This facsimile edition of a 1928 guide to modern manners was a joke Christmas present, but it has proved surprisingly enlightening, particularly on the use of visiting cards. I've read about visiting cards in many novels, but have never really understood their function properly. Irene Davison's lucid exposition explains this in great detail. Visiting cards can be used to broker a social connection: cards were left with newcomers to a district, and that newcomer would be obliged to return card. This does not, however, necessarily lead to a closer acquaintance; it may be the end of the matter. If you called on a friend or neighbour and she was out, you would leave cards, and an obligation with her to return the call. Cards were also left after an entertainment of some sort by the guests, presumably in lieu of the thank-you note that might be sent today; they could be left to enquire after an ill person, and to announce that the card-owner was moving away. The book also sets out the complicated rules around leaving your husband's card as well as your own:
"Strictly speaking, your husband, not his card, should go calling with you. As he doubtless has more urgent duties claiming him in the City, you take his visiting card along with you to represent him, and at the end of your call, leave it for your hostess. If your hostess be married, you leave another of your husband's card for her husband. Thus, you see, the two cards you leave for your husband are instead of the calls he should have paid your hostess and her husband." (26)
There are several paragraphs more on what to do if you, or your hostess, is unmarried or widowed, or lives with a male relative. I can't help suspecting that these rules were put about by stationers, to ensure repeat trade: hall tables must have been awash with visiting cards representing husbands too busy in the City for social life. Presumably most of them ended up as kindling, although there seem to be a few collectors out there of the cards of the famous. When did visiting cards die out, I wonder? I expect the Second World War put an end to the practice, and Davison suggests that "in many places cards are dispensed with altogether" (35), although they must still have been significant enough, as they merit a chapter of their own. The dance of the cards reminds me, irresistibly, of the etiquette of Facebook and Twitter, although presumably it's not necessary to ensure your husband is friends with all of your Facebook contacts.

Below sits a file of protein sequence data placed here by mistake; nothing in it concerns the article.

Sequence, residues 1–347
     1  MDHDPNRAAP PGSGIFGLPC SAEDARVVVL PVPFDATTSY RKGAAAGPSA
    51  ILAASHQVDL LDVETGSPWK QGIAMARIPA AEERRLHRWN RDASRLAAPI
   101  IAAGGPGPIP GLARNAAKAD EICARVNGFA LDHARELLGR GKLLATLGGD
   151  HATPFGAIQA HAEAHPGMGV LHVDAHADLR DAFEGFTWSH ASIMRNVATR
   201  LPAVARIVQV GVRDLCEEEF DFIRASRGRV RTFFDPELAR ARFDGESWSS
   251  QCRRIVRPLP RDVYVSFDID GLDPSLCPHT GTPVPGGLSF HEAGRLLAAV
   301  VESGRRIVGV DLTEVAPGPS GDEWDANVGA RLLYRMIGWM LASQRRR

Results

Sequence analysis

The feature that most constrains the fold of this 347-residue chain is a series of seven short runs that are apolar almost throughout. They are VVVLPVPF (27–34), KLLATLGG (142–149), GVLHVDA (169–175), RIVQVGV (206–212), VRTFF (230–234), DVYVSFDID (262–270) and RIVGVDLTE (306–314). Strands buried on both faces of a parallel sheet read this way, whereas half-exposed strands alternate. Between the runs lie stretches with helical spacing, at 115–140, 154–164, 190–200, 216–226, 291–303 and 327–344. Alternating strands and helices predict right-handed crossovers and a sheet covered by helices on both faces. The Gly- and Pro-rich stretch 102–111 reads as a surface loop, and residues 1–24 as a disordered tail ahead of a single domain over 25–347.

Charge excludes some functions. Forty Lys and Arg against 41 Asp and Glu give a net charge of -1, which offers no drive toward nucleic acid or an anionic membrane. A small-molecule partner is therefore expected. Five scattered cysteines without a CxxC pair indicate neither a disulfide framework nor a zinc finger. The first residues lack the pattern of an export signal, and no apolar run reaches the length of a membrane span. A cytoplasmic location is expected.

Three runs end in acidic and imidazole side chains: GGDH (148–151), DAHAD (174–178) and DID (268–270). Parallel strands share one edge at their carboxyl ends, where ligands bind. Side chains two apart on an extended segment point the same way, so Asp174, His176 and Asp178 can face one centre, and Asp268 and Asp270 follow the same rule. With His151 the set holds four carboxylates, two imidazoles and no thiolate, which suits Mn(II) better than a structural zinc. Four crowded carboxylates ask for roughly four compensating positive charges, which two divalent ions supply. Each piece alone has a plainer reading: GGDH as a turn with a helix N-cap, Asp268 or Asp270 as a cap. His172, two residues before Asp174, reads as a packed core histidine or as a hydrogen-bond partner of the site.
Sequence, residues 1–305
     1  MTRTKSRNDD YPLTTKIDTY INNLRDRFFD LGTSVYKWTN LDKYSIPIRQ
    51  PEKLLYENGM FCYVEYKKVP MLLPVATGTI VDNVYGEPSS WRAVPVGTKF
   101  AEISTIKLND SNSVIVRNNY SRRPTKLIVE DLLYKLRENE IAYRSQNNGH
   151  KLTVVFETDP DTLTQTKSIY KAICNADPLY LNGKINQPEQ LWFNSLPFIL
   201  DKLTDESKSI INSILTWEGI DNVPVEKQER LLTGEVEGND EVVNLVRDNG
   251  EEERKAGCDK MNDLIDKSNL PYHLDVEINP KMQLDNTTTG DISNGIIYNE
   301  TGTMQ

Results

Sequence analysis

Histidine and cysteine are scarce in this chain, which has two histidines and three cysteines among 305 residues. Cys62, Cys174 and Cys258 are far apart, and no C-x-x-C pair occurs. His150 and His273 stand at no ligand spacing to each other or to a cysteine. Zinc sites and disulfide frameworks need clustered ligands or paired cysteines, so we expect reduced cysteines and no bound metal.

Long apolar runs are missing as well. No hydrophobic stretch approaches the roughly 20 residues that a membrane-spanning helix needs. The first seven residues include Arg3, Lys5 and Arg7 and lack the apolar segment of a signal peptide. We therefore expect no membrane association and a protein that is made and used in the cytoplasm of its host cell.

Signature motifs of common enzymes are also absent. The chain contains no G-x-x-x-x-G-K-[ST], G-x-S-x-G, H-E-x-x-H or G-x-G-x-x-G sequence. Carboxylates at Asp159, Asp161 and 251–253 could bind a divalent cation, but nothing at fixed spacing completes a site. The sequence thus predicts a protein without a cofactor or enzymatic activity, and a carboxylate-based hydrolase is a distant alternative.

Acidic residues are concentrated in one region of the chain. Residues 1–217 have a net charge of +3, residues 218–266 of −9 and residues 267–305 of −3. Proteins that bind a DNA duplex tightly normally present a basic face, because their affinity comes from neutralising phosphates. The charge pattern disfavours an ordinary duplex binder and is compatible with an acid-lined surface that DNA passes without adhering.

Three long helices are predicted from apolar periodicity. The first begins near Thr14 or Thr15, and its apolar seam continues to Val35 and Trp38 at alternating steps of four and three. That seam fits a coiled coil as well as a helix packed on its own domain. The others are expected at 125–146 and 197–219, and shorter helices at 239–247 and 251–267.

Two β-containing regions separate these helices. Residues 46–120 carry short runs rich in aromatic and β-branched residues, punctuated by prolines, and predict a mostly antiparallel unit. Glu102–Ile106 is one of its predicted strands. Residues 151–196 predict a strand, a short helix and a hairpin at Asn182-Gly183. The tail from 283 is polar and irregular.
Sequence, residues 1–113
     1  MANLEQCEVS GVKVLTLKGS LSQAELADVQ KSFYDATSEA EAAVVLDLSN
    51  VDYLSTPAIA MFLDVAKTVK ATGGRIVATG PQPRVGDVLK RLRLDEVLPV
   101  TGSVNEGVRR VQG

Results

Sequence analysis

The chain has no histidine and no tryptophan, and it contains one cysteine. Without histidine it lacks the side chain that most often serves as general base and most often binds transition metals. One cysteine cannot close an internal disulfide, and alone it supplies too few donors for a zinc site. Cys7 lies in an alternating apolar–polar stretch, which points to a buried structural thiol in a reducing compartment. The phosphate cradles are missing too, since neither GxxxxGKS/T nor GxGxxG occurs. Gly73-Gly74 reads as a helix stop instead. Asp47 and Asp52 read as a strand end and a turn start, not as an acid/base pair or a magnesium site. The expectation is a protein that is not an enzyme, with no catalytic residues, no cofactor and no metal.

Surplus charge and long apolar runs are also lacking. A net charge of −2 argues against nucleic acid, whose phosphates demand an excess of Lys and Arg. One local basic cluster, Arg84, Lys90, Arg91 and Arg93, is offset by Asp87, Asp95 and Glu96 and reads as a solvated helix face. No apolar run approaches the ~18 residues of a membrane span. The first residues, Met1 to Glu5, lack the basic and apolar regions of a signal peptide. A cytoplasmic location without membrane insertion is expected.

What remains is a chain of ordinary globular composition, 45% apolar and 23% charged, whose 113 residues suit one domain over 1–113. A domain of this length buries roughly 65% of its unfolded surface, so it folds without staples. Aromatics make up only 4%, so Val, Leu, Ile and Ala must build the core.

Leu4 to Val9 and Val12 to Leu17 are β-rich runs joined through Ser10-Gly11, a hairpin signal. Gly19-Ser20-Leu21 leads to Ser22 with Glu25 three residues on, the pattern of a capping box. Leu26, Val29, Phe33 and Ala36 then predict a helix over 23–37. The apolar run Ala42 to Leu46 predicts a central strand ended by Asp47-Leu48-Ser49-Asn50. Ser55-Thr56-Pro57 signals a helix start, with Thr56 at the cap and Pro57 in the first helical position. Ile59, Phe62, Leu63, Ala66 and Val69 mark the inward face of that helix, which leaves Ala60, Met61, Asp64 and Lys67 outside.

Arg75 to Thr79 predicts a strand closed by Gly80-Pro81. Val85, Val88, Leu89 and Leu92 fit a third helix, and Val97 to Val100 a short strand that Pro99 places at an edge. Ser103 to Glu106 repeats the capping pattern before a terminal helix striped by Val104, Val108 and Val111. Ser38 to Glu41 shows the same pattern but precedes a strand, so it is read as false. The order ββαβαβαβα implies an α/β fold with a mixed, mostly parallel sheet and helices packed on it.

The book is also good on introductions, which so often seem to fox the Provincial Lady and her peers, and explains the rules of seniority which governed middle-class life during this period but which have mostly died out now and can be incomprehensible to the modern reader. In some respects, however, we have reverted to a greater formality. Davison notes that "the formal breakfast and its accompanying formal speeches are now seldom part of a wedding entertainment", and describes a wedding party that would be very low-key by today's standards. Some of the rules about social contact epitomise the stereotype of English reserve: when you move to a new area, you must wait to be called upon; if a stranger picks up a dropped glove, you must thank them, but not enter into conversation; if a passing male friend of the friend you are with greets you or raises his hat, you should make no acknowledgement, not even a wordless bow. I suspect that some of these rules were old-fashioned by 1928, as guidance on these matters tends to be behind the trend; I hope to some extent that they were fading away, as they give a picture of a cold world, lacking in spontaneity and designed to discourage social connections.